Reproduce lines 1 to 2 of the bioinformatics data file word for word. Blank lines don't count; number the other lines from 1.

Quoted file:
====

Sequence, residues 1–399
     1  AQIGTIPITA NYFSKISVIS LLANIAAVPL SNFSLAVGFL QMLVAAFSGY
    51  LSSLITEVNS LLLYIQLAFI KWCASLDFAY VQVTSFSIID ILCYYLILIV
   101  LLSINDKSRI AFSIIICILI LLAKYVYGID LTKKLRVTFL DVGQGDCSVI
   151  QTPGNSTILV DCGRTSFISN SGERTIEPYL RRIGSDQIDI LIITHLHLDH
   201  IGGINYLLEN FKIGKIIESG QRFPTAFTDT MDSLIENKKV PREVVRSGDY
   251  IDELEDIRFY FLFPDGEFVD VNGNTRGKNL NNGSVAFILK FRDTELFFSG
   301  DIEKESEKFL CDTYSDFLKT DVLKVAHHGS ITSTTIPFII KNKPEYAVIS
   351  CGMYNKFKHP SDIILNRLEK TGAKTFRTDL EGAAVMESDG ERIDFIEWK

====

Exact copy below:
Sequence, residues 1–399
     1  AQIGTIPITA NYFSKISVIS LLANIAAVPL SNFSLAVGFL QMLVAAFSGY